The defence of Jake Lynch and the students who stormed the lecture theatre at the University of Sydney during a talk by Colonel Richard Kemp, has been speciously framed as a struggle for the right of free speech and dissent.
No mention is made of the protesters having admitted that it was they who were trying to suppress free speech by shutting down Richard Kemp’s lecture altogether. There is a rich irony in anti-Israel academics and students invoking the right of free speech in order to deny the right of free speech to anyone they disagree with, and specifically of anyone who dissents from the disingenuous, one-dimensional caricature that constitutes their portrayal of Israel.
The right to protest or hold opposing views is not in question. When protesters held anti-Israel banners outside the lecture theatre and distributed flyers to all who entered to hear Kemp speak, they were exercising these important rights, no matter how misguided their message was. Their subsequent conduct had an altogether different and darker purpose — to deny Kemp his right to speak, and to deny the students, academics and visitors in the audience their right to listen and engage with his ideas. There is no room for competing ideas or opinions in the narrow, grim worldview of the far-left.
In the wake of the negative media coverage that the censorious protesters attracted, Lynch’s supporters quickly launched an Op-ed offensive with one clear message: The protesters who tried to deny Richard Kemp and his audience the freedom to speak, were themselves being denied the right of free speech. With typical moral inversion, the perpetrators were now being cast as the victims.
Nick Riemer, who convenes an anti-Israel boycott group at the University of Sydney asserted that the University of Sydney would make itself “the instrument of the Israel lobby’s witch hunt”, if it investigated the allegations against Lynch and the students.
At a subsequent forum organised by Riemer at the University of Sydney, titled “Why boycotting Israel isn’t antisemitic”, Riemer claimed that “the Israel lobby had only to snap its fingers for the university to jump.” The irony of using an event aimed at distancing BDS from anti-semitism to rail against the so-called string pulling of the pro-Israel community, was obviously lost on Riemer.
A petition defending Lynch, which drew the support of the usual anti-Israel voices, including Lee Rhiannon, Melissa Parke and Mike Carlton, made further insinuations regarding unnatural Jewish power and manipulation. The letter called on the university’s vice-chancellor, Michael Spence “not to allow [him]self to be made the agent of the Israel lobby’s persecution.”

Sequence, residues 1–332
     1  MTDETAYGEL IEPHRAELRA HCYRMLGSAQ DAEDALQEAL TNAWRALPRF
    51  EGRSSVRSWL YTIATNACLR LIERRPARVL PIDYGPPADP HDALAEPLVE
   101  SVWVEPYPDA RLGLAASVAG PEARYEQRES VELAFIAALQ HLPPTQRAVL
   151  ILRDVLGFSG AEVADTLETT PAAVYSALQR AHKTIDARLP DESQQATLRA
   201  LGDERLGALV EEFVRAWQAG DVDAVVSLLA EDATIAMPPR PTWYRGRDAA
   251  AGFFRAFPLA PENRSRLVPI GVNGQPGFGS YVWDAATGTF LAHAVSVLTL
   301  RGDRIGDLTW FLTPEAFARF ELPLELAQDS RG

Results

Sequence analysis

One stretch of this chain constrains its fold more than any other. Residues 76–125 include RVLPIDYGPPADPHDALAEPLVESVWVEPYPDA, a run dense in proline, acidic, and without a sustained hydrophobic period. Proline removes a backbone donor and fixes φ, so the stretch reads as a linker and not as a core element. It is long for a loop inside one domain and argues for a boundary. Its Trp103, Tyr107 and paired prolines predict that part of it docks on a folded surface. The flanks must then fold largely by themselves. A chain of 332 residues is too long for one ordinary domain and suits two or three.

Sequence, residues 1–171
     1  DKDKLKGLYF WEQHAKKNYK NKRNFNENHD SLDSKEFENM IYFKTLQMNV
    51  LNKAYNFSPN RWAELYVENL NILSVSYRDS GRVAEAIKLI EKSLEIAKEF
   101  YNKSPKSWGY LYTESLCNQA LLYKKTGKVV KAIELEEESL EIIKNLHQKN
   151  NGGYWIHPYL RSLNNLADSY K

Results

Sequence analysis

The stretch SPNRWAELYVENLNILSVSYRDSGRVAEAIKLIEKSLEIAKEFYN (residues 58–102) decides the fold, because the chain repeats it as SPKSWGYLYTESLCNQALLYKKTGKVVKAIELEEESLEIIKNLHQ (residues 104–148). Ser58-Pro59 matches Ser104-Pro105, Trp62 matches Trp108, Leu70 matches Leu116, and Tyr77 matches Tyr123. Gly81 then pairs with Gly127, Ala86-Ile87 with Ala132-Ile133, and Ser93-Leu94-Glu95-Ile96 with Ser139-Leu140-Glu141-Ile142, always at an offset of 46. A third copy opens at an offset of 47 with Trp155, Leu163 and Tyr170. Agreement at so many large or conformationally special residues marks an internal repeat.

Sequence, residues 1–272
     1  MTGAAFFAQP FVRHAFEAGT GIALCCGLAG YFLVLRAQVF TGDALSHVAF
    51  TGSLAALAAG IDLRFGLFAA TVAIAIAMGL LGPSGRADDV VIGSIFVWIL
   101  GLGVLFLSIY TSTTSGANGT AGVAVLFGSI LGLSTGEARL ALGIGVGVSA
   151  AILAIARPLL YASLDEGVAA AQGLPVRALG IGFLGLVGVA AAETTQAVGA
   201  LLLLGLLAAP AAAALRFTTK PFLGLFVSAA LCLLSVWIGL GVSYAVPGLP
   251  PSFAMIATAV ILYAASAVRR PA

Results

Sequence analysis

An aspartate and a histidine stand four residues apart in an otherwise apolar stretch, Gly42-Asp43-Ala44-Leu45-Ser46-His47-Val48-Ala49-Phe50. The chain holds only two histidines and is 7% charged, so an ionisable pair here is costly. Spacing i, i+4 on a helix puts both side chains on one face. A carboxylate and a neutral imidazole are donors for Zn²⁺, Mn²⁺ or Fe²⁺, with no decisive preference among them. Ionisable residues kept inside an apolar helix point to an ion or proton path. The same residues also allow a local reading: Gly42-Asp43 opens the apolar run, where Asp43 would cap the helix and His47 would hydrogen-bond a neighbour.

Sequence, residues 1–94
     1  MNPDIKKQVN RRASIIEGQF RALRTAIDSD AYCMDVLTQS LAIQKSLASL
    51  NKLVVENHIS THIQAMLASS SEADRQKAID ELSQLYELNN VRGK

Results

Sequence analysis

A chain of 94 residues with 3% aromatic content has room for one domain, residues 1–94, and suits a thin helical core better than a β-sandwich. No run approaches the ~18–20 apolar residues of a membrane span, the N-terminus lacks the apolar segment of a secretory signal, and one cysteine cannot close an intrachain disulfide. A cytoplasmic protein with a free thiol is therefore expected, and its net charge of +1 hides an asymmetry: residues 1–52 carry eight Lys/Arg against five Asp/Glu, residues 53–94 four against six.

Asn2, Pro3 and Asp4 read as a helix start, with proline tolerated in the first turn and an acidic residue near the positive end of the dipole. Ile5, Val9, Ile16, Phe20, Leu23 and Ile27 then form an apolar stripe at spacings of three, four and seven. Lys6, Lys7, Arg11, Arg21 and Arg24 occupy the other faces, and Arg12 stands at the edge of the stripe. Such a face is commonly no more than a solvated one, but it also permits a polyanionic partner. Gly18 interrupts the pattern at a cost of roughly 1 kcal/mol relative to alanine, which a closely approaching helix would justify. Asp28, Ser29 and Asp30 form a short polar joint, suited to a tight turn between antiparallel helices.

The theme was picked up by the National Tertiary Education Union, which released a statement claiming that the investigation into the actions of Lynch and the students is “solely designed to placate external parties”. The union didn’t mention the “Israel lobby” by name but it didn’t need to. The mere allusion to this seemingly supernatural force is far more evocative.
There is a great deal of scholarship around the racially infused use of terms such as “Jewish lobby”, “Zionist lobby” and “Israel lobby”, all of which mean the same thing. The term is intended to cast the involvement of the Jewish community in public affairs as somehow subversive, undemocratic and inherently sinister. It is intended to appeal to antisemitic views of the Jews as exercising an extraordinary or dark power. It is crude, conspiratorial thinking.
The effect of the unchallenged use of the term is to limit or worse, deprive the Jewish community of its right to speak on matters of importance to it, a right extended to all communities and all people in our free society.
It is significant that while a range of stakeholders have spoken publicly on the matters that transpired at the lecture, including alumni, academics, students, political commentators, politicians and concerned members of the public, only the views of the Jewish community have been described as a “witch hunt” or depicted as shadowy, controlling or unduly powerful.
The themes of victimhood and power were then taken to their absurd conclusion by Riemer, who in a rambling letter condemning the university for issuing show cause notices, claimed that the investigation into conduct on campus and any resulting disciplinary action should be seen as the University “siding with a nuclear power” and “siding with Andrew Bolt and Tim Blair.”
Equally disturbing has been the perversion of noble ideals central to university life to spare Lynch and his followers from the consequences of their deplorable conduct.
NSW Council for Civil Liberties president Stephen Blanks defended the actions of the student activists claiming that they were “exercising their legitimate right of free speech”. The claim that the investigation into students who shouted down Colonel Kemp’s free speech with a megaphone actually infringes on their rights of free speech is beyond parody.
There is a further right at stake in this battle. That is the right to express views sympathetic to Israel or otherwise antithetical to the far-left smorgasbord of causes. Kemp had not uttered a word about the Arab-Israeli conflict when the theatre was stormed. His mere presence on campus and reputation for defending Israel was enough to ensure that his basic right to speak was violated by baying, ranting crusaders with megaphones. This is a chilling development played out on campuses throughout the world, where facts are held hostage to embedded prejudices and small bands of protesters can suspend the rights of others as they seek to fulfil their quest for moral superiority.
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